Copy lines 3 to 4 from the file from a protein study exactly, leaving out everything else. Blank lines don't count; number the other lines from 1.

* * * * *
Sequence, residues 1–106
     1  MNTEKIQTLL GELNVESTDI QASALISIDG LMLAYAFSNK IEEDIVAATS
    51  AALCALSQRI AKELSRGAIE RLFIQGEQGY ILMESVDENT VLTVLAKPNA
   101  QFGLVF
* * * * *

    51  AALCALSQRI AKELSRGAIE RLFIQGEQGY ILMESVDENT VLTVLAKPNA
   101  QFGLVF